This layer comes last, as it augments the other layers by adding fixtures strictly for performing specific tasks.  Task lighting should NEVER be the only layer or type of light considered for a space. If the first 4 layers are neglected, it’s unlikely that you’ll ever recapture the ethereal aspects of choreography and mood working in reverse.

Take this kitchen, which is a great example of the 5 layers of light.

1.      Notice how the under-cabinet base lighting directs movement and flow through the space.

2.      I would call the mood of this space active. It’s warm, but bright and colorful, the illuminated island encourages socialization. I’d have a glass of wine and appetizer there hanging with friends.

3.      I love how the lighting at the floating shelves accentuates the backsplash and colorful accessories.

4.      The lighting at the upper cabinets creates height, volume and interest.

 

Imagine if you ‘flipped the switch, off’ on the first four layers of light in this kitchen – it would be underwhelming and that would break my heart!


A proper lighting plan adds value to the overall project investment.

 

So, you say, “I hired my architect or general contractor for lighting”? Normally an architect or GC draws a lighting plan to make plan submissions. In most cases, these are quick designs that are generic in content and lack any thought out plan.

 

Is your architect or GC thinking about:

-          Space plans and furniture layout?

-          Interior finishes and paint colors?

-          Ceiling heights, slope changes, soffits?

-          Architectural details?

-          Art and accessories and placement?

-          The diverse activities to take place in the space?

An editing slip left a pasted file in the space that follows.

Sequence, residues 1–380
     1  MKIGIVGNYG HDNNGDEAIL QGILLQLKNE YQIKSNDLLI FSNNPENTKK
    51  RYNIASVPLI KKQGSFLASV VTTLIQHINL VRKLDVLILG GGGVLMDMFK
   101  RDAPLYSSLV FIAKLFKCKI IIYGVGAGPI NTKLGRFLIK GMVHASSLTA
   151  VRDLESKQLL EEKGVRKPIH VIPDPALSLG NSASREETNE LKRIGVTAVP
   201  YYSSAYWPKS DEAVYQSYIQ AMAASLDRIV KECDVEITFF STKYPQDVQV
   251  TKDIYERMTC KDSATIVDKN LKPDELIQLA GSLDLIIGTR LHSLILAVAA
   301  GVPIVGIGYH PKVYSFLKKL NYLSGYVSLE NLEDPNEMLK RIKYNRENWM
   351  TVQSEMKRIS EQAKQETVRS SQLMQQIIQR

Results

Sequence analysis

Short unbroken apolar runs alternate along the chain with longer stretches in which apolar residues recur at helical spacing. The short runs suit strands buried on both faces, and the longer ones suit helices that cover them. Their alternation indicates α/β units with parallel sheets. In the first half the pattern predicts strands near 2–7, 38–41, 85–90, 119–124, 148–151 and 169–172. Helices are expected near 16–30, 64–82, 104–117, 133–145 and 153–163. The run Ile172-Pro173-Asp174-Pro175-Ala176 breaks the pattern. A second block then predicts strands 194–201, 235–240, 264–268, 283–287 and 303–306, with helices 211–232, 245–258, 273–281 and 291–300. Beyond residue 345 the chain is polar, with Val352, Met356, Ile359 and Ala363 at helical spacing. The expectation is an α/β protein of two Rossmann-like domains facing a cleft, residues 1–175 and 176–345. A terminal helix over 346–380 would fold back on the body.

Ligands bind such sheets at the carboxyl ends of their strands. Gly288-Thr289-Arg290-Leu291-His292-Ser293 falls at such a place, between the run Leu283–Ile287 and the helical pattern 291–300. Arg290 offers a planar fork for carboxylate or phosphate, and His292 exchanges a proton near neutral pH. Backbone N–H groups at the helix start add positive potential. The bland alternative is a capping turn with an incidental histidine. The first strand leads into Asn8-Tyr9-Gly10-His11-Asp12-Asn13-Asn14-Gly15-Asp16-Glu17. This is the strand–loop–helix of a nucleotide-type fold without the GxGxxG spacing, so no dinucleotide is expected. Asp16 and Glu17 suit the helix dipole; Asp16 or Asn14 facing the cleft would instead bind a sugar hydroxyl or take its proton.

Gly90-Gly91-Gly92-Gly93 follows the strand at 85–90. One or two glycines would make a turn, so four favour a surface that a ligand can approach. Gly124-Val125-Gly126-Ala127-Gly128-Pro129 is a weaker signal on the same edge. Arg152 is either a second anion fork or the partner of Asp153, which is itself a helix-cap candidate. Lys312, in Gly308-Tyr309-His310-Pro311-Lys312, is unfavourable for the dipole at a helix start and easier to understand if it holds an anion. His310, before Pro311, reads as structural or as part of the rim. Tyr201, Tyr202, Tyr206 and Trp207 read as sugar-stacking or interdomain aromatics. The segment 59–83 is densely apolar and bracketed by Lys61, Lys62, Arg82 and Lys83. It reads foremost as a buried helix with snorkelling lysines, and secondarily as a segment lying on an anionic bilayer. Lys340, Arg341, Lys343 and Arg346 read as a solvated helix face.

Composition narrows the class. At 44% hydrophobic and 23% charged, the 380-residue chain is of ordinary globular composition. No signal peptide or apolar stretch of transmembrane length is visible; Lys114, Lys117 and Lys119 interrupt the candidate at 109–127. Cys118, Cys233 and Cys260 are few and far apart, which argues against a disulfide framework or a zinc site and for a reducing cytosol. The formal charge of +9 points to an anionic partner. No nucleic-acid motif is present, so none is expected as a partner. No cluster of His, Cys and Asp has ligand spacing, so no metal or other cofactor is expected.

-          Specific room light ‘scenes’?

-          The age of the people who live there?

-          Window coverings and locations?

-          Site orientation?

-          Where to put the light and for what purpose?

-          The placement, quantity and ‘color’ of light needed?

-          What elements in the space need to be dramatized or downplayed?

-          How the light story will play throughout the space to create a cohesive design?

-          How the light source is controlled?

A good design firm will think of all of this and plenty more.

 

Did I mention… that lighting is REALLY important?

 

When we implement a lighting design that addresses each layer of light, we will have a rich, dynamic emotional experience.

 

Shine on my friends, shine on!

 

Pantone's Color of the Year 2017 is Inspired ...by Nature.

Every year (since 2000) Pantone choses a color that reflects the current cultural climate. Their choice of color historically influences trends in a ll facets of design - interior decor ,fashion and architecture.

The color of the year for 2017 is Greenery ( Specifically Pantone 15-0343) Greenery signifies beginnings : A fresh new year;healthier food resolutions;grass and the outdoors of spring and summer. But most prominently the yellow green hue comments on the concept of "environment"

Courtesty of Pinterest

"There's a growing desire to reconnect with nature , with what is real and find ways to disconnect from technology. We need a break, We need to stop and breathe. Greenery is about unity and community- connecting to oneself and others and a higher purpose,nature" said Laurie Pressman , vice president of Pantone Color Institute

Coutesy of Pinterest

Pantone calls Greenery " Nature's Neutral" and is typically associated with spring and summer - but Pantone is forecasting that this hue will be worn and seen all year long.

Courtesy of Pinterest

 

Greenery aims to be associated with the 're- words' revive , refresh , restore ,rejuvenate jsut to mention a few. It is certainly fresh and a breath of fresh air from last years' pastel choices.

Design Your Life!